Thursday, March 31, 2011

The whole context of a person

One further postscript: I am slightly relieved that I do not need to muster my attention to write a proper bit about Teju Cole's fantastically good novel Open City - at the New Yorker, James Wood wrote pretty much exactly what I would have said if I weren't so lazy!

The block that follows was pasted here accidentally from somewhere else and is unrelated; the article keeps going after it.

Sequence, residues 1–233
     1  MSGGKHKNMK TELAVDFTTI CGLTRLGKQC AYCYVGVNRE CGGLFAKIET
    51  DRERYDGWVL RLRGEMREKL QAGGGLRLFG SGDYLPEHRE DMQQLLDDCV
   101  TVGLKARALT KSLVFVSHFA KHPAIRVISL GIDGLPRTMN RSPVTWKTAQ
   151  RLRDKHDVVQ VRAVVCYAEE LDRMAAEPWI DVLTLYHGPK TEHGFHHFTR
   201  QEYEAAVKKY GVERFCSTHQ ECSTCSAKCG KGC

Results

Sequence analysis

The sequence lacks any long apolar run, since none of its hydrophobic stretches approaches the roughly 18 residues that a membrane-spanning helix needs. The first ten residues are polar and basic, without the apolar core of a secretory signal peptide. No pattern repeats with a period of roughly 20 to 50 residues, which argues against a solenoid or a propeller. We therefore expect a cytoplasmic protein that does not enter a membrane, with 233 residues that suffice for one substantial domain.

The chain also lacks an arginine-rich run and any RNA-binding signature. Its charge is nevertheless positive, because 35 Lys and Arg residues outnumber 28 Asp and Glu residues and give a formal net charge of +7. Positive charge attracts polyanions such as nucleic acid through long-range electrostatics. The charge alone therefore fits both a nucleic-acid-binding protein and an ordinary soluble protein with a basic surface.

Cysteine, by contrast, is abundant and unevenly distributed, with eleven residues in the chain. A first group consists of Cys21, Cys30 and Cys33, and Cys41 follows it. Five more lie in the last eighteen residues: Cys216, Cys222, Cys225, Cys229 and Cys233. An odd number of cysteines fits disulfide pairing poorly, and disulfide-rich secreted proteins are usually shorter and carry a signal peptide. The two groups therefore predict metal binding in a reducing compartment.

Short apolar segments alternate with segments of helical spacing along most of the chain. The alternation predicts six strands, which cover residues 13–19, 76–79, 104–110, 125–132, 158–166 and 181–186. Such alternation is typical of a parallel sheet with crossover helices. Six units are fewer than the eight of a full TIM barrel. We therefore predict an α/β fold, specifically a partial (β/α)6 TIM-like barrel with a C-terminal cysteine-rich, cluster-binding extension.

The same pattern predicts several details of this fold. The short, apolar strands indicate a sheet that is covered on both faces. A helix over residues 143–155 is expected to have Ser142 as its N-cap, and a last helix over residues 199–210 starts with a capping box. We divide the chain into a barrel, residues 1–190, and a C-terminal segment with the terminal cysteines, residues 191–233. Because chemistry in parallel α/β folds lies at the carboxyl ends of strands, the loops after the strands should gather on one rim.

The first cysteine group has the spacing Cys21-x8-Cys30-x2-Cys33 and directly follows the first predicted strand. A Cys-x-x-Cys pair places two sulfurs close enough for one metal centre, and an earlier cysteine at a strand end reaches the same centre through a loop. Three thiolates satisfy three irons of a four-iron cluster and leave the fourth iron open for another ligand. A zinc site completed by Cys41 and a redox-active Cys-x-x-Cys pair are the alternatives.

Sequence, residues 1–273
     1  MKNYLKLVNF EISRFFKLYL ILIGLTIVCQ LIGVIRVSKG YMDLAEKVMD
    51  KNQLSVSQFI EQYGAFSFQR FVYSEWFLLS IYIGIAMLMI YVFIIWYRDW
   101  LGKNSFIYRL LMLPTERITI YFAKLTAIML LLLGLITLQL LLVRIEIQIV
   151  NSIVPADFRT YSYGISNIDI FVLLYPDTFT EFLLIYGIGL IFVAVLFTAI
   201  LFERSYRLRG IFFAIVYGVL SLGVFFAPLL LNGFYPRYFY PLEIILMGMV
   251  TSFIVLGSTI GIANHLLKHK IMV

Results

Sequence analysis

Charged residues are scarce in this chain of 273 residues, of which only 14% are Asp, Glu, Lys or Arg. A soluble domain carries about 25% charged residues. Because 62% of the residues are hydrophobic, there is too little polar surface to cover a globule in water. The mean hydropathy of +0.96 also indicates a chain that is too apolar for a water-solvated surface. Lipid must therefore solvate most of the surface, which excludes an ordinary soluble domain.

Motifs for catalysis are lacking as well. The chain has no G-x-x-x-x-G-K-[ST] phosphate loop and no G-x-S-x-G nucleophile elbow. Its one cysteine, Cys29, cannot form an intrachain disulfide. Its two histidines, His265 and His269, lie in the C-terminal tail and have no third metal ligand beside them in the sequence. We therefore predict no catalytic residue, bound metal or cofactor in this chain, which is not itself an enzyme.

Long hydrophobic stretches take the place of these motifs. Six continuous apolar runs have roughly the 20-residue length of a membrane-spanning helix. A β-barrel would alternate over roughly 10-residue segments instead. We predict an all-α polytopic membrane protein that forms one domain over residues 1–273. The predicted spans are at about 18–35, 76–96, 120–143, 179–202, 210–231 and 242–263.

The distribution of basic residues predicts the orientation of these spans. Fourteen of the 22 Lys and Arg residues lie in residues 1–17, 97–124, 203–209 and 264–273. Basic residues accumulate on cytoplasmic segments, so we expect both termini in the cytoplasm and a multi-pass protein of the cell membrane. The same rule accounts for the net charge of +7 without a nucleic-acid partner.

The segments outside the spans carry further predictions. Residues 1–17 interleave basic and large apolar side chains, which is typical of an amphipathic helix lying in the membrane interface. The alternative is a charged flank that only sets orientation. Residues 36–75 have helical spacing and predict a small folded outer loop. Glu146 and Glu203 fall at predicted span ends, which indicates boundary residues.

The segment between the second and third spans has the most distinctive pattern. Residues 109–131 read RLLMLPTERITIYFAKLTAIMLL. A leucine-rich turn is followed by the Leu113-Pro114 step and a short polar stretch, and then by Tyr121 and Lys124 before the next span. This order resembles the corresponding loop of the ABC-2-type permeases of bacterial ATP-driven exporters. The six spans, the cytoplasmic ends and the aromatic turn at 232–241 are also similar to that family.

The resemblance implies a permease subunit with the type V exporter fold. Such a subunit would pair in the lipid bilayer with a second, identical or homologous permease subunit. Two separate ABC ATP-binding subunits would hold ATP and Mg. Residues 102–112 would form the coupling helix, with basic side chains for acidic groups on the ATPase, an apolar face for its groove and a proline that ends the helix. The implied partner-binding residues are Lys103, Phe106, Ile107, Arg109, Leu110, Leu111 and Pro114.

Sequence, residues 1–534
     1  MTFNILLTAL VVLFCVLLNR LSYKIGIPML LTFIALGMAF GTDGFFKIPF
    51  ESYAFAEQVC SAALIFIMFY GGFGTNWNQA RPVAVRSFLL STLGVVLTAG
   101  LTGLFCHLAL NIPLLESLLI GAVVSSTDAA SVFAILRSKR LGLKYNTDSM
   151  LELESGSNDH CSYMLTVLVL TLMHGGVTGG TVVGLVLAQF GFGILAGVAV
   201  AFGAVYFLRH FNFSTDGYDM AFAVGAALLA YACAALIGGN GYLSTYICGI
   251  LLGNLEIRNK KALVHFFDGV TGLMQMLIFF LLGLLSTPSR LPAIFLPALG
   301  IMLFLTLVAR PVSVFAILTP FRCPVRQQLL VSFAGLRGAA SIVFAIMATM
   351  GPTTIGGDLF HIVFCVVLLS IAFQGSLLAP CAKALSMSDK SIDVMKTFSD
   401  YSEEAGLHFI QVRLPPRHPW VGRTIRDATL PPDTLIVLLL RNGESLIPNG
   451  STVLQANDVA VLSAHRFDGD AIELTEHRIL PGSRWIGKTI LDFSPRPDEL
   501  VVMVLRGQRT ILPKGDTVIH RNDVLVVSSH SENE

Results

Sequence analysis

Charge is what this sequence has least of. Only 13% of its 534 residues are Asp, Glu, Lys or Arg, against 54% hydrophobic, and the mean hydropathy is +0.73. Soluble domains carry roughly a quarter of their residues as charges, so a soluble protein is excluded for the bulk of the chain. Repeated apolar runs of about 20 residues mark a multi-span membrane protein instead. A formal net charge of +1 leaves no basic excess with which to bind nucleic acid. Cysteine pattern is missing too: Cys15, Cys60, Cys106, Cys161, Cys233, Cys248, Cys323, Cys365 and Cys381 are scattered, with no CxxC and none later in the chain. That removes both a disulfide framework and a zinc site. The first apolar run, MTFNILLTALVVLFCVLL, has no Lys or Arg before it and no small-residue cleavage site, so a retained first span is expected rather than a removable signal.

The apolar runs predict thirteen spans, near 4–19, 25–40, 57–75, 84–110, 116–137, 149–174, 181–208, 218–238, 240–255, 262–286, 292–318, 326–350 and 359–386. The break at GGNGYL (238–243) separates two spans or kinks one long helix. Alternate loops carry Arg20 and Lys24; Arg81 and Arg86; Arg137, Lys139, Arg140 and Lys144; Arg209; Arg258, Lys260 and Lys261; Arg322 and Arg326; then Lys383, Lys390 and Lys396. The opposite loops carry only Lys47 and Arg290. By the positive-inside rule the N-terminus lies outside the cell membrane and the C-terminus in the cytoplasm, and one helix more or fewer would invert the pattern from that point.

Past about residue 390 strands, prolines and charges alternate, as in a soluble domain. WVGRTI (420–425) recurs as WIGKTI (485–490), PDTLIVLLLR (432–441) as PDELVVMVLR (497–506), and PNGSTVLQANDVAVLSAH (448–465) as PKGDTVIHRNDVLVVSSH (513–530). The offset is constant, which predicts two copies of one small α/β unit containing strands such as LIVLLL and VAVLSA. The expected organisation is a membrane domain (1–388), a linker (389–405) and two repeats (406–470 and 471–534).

I especially loved the "intensely Sebaldian" aspect of the book, and of course also the narrator's "well-stocked mind" (to borrow a few choice Woodean phrases); I defy you to read the review and not feel that this is a novel that must be read, but that will also be uniquely pleasurable to read! Another of Wood's sentences partly explains why I read this book in a sort of fanatical state of breathless attention, feeling that it had been written peculiarly and particularly for me out of all possible readers: "This is one of the very few scenes I have encountered in contemporary fiction in which critical and literary theory is not satirized, or flourished to exhibit the author’s credentials, but is simply and naturally part of the whole context of a person."

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